How is it that nobody has pointed a finger to the relationship between metal, mountains, and mysticism over the last few decades and declared with a resounding YES that conquering high peaks of stone and moss, and the feeling of triumph that comes with the ascension, are undeniably metal. I can recall long hikes in the fall with nothing but Paysage d’hiver blaring through my earphones; profound moments atop the ranges of Cascadia, and the snowcapped monoliths that stretched out past the horizon. It’s the feeling of ascension, triumph, and destiny rolled into one. Conquering a mountain and admiring the view is profound.
Bergmetal the blog has existed for some time. It explores the ‘trisonic intersections of mountains, mysticism, and heavy metal’ and takes a stance somewhere between fan-boy reverence and the faux-intellectualism that has recently infested the black metal blogosphere. Posts would mention a band or album and attempt to draw parallels between the music and the magic, and this is where the book follows. Bergmetal dedicates individual chapters to the works of Bathory, Darkthrone, Sleep, Aluk Todolo, Omega Massif, Schrei aus Stein, and Sapthuran.These seven ‘poetic emblems’ are at times too verbose and dense for their own good. Despite some over-analysis of lyrical themes, the majority of content is sound (some chapters more so than others). Expect plenty of references to metaphysics, nihilism, worldly theology, and a number of surprising conclusions.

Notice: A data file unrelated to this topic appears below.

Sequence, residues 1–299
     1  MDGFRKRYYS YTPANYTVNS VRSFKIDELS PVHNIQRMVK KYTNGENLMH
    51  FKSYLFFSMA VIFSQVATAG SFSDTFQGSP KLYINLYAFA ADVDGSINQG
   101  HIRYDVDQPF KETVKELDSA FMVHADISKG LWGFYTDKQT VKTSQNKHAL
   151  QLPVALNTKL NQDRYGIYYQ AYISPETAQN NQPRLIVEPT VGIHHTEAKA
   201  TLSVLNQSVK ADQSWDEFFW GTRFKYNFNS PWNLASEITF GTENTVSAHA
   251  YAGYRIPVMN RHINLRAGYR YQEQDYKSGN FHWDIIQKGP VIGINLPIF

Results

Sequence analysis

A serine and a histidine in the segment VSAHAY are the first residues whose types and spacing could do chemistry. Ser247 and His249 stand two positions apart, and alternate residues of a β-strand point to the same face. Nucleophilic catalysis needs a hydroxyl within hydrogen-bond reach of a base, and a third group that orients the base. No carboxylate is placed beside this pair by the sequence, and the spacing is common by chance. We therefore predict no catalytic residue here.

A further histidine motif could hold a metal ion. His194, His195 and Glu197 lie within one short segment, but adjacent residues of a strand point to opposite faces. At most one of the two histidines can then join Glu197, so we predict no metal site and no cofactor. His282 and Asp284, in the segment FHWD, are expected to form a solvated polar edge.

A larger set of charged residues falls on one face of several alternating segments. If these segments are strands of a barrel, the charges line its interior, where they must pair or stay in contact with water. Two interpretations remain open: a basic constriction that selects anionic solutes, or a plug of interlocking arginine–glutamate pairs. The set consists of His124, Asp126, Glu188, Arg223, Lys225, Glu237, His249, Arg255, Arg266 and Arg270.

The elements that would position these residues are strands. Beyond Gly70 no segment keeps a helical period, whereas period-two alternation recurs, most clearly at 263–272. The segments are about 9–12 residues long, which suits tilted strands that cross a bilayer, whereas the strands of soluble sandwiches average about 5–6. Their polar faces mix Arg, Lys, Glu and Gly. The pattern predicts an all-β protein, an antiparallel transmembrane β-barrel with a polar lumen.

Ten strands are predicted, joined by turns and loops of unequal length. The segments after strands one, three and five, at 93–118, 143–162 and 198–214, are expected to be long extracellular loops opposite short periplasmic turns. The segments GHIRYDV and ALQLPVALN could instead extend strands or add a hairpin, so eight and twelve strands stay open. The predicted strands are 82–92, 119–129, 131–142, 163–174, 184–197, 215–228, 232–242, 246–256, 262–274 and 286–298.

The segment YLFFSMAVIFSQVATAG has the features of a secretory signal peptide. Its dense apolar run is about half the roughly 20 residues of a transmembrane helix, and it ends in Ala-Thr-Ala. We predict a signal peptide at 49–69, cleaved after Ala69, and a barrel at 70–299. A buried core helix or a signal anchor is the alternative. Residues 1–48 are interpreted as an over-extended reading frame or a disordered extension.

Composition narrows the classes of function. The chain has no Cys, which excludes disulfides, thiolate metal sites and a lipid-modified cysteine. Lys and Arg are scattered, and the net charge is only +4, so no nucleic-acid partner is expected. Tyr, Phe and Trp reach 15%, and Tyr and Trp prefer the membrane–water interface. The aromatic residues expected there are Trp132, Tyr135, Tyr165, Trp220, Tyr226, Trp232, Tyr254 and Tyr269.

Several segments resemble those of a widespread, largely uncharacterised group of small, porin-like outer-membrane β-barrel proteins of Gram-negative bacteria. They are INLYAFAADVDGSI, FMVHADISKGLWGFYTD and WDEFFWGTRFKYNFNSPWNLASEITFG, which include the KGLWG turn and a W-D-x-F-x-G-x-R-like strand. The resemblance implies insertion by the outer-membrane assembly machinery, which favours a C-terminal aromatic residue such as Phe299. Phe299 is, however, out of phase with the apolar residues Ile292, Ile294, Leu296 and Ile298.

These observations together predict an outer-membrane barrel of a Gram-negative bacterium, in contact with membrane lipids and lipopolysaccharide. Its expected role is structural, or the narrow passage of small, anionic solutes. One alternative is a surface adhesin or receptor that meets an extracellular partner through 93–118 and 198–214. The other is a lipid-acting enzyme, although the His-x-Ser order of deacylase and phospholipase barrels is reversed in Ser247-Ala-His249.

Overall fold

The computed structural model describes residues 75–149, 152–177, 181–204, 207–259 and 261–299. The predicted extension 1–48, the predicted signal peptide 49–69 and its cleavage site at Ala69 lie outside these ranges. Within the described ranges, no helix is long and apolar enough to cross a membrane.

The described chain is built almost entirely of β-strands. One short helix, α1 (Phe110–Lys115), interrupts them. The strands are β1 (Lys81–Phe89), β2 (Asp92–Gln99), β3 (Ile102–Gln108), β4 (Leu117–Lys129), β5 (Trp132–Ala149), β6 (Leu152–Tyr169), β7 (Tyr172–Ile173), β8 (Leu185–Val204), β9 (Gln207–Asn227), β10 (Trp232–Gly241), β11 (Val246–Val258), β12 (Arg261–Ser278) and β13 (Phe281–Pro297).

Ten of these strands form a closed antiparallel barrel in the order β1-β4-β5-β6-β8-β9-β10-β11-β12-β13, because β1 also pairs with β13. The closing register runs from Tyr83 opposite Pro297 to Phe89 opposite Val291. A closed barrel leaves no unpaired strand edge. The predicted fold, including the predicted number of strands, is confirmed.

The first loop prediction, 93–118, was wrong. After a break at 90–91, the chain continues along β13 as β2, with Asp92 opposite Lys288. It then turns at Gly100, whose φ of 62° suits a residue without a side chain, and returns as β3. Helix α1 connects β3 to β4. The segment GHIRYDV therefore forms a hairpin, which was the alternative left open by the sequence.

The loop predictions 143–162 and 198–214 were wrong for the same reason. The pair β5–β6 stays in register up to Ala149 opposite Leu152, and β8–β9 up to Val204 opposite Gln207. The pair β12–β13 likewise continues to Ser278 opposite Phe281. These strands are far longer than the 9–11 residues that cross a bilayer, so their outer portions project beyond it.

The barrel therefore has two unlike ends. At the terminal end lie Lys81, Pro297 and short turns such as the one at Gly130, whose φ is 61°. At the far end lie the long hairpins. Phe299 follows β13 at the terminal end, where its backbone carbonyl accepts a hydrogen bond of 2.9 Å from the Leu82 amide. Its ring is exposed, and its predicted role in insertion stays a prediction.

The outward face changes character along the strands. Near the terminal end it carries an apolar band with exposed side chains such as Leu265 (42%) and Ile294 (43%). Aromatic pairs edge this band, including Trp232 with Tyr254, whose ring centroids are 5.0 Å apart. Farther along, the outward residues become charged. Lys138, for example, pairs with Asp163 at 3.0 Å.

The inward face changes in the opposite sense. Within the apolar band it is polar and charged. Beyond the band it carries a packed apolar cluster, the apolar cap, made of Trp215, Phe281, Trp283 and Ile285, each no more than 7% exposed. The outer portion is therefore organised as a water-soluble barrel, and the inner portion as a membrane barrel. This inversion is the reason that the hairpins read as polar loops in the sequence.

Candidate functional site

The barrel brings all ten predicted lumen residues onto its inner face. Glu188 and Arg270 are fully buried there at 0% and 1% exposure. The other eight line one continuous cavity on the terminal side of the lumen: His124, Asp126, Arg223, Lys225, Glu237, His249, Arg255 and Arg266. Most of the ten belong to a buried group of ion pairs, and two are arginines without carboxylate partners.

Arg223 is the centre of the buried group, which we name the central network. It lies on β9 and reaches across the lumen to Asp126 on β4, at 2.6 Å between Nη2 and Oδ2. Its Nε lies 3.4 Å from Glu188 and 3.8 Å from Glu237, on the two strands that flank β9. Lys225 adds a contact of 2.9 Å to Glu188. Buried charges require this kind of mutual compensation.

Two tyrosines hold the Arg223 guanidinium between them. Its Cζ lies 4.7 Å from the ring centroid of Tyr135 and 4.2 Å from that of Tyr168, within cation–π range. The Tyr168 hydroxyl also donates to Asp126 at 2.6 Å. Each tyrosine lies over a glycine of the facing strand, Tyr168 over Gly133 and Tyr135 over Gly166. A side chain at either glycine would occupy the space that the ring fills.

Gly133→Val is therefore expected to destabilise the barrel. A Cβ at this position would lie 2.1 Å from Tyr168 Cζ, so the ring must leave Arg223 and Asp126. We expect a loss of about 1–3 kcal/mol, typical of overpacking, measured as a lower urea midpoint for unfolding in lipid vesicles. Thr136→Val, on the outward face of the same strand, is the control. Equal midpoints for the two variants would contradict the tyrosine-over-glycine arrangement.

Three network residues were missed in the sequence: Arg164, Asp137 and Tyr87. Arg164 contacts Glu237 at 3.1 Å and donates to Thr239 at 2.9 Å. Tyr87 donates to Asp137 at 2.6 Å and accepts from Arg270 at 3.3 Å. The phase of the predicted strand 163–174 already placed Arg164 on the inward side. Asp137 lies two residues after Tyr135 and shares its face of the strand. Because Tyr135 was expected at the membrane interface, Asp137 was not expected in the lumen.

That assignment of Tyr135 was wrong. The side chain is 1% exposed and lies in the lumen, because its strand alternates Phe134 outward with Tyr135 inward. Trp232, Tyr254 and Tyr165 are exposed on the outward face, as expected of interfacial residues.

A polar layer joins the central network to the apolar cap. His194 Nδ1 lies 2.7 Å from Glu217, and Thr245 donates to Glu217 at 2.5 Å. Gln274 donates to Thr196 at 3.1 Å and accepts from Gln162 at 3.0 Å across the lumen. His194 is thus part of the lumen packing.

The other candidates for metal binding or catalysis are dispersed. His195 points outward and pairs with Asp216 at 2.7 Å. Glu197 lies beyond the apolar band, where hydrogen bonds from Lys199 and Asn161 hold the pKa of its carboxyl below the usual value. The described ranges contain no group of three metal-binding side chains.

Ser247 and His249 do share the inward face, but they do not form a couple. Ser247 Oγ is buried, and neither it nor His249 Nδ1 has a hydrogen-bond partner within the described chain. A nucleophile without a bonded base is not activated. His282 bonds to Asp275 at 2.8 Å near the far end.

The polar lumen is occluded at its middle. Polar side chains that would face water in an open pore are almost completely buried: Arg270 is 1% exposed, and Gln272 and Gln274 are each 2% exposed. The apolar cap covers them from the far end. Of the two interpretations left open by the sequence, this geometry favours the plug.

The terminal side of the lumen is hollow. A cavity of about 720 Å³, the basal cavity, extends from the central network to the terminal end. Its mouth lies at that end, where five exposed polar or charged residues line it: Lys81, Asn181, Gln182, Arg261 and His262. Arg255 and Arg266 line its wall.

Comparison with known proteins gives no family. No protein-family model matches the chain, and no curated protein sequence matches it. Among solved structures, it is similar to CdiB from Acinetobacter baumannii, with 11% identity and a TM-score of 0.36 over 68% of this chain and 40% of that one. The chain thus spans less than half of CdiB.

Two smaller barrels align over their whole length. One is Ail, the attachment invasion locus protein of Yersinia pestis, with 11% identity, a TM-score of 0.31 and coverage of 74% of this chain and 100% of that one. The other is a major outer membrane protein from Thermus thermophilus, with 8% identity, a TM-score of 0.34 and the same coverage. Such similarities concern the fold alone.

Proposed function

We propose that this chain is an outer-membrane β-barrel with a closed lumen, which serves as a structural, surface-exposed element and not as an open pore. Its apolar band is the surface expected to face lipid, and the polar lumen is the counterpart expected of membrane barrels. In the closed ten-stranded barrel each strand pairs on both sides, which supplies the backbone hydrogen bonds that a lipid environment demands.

If you’re familiar with the writing styles of analytical philosophers, or looking for a more focused discussion of the mountain thematic in metal than the Bergmetal blog offers, then you should bump this to the top of the reading list. It’s about time somebody published a serious piece of heavy metal commentary, and Bergmetal is it. Forget Lords of Chaos filler and Black Metal Theory obscurity. This perfect-bound paperback is available through Hworde, an imprint of Gnome books.
Get your hands on it here.